As pediatric feeding specialist, speech-language pathologist, and mom of 3 young girls I often get asked my opinion on bottles and sippy cups.  So here are the facts:

At age 12 months, the American Pediatrics Association recommends beginning to transition your child off the bottle and being completely rid of it by 2 years of age. Why? Sippy cups encourage an immature suckle pattern similar to the bottle.  This immature sucking pattern encourages the tongue toprotrude forward instead of allowing the tongue to elevate and move backwards in the mouth.  A prolonged immature suckle pattern encourages a “tongue thrust”.

So, “what’s the big deal if my child has a tongue thrust?”   

Risk factors for prolonged use of sippy cups and bottles:

  • Difficulty with speech sounds (e.g. lisps, “s”, “d”, “t) by preventing the development of muscles needed for speech.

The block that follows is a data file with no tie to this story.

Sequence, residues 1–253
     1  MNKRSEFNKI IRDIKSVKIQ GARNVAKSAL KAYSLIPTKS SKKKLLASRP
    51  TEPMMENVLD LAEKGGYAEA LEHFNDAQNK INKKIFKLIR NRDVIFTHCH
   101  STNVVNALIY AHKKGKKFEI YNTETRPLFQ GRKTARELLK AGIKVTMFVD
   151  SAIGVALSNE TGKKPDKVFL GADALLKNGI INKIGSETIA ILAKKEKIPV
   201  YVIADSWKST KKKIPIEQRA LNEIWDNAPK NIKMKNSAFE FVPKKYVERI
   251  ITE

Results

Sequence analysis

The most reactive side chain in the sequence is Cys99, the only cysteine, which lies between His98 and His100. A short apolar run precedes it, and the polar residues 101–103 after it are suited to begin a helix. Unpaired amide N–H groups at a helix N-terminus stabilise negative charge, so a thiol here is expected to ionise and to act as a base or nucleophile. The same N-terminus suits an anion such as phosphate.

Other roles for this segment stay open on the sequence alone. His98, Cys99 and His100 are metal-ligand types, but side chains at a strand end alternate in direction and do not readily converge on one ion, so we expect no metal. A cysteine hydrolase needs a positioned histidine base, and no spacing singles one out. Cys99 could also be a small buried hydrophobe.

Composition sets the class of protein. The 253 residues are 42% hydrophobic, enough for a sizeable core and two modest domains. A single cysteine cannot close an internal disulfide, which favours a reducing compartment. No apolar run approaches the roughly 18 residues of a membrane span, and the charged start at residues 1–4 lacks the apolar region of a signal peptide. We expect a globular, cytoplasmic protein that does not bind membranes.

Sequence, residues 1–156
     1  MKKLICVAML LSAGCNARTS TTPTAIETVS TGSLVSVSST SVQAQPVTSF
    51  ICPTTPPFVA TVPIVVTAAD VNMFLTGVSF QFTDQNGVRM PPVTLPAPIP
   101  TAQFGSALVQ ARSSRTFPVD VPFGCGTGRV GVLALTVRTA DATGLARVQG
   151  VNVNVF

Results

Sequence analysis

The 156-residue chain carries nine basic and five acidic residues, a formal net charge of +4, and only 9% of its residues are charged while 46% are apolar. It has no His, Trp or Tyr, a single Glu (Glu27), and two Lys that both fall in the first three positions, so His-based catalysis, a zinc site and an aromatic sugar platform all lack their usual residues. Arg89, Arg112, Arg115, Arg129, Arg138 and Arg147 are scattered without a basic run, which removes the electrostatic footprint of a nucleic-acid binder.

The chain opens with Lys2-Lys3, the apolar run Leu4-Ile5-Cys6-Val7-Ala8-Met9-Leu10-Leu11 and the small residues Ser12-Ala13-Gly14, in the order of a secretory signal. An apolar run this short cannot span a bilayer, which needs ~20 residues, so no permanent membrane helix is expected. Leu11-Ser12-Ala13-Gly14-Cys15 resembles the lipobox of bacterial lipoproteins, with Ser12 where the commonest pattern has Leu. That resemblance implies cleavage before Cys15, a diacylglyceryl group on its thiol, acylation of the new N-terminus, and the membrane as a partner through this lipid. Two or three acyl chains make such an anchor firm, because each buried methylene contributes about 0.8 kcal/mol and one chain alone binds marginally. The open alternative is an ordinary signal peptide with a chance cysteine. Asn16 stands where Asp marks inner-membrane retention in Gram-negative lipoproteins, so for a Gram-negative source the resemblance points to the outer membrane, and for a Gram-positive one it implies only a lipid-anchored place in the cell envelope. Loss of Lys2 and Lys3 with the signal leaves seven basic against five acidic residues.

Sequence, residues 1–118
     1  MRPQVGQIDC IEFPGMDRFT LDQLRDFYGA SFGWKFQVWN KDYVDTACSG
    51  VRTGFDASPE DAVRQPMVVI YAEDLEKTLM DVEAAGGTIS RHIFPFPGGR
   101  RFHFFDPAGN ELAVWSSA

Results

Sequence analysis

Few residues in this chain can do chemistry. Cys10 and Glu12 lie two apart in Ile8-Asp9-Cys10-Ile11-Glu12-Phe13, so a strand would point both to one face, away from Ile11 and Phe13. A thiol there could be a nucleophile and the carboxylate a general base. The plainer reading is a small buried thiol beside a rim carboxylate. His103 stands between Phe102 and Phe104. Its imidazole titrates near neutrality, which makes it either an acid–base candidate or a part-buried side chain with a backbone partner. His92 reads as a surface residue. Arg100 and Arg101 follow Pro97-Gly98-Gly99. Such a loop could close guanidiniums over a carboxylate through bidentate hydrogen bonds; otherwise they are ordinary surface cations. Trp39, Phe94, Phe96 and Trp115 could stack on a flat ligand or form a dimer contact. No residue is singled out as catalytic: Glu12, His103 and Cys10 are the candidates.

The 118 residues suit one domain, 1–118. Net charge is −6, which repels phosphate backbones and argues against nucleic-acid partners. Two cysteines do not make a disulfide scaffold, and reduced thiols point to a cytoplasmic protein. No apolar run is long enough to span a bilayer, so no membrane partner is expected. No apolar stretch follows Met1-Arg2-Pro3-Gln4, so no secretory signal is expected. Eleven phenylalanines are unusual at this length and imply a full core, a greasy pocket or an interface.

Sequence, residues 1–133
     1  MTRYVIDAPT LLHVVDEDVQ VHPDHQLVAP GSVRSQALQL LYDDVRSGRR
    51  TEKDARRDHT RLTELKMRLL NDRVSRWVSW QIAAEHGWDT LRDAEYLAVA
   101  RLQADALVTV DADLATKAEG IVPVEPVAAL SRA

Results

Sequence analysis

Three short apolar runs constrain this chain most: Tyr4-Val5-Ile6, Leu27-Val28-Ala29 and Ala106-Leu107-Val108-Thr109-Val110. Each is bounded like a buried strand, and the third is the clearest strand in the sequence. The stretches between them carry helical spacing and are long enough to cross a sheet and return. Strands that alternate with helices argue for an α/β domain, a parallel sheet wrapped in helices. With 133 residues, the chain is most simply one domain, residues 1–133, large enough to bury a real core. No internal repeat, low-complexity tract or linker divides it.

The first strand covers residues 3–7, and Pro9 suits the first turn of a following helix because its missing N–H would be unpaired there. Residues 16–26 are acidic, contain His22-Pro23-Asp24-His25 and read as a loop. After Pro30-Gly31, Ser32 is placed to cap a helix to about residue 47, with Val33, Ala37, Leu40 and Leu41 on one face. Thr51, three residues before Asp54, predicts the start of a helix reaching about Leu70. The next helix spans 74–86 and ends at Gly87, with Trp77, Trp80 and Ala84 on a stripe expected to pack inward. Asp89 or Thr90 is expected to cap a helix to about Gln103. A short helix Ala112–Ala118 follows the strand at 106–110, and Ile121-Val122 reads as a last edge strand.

• Open bite and need for braces due to tongue pushing forward on teeth.
  • Increased teeth decay.  The spill-less valve feature makes very convenient for kids to carry around drink sugary liquid throughout the day.
  • Increase in ear infections.  Kids often tilt their head back to drink sippy cups, which encourages liquid to go to the Eustachian tube.

Transitions can be difficult for everyone, including the caregivers!  Every child is different with different needs, but here are some things to encourage your child off the bottle/sippy cup.

  • Begin with having your child become familiar with a cup from an early age.  Have your child play with it when giving solid foods.   He/she can practice taking small sips while seated in a high chair.  Open cups and recessed lids work well!
  • Straw cups can be a great alternative to a sippy cup.  There are many valved straw cups that have the wonderful no spill feature.

The spill proof sippy cup was made available as commercial product for the convenience of parents and caregivers in the early 90s.    Believe me my carpets have their fair share of spills and stains, but there are some great valve straw and recessed lid cups options.

If you have any questions about transitioning your kids from bottles and sippy cups, please email us at We would love to help!

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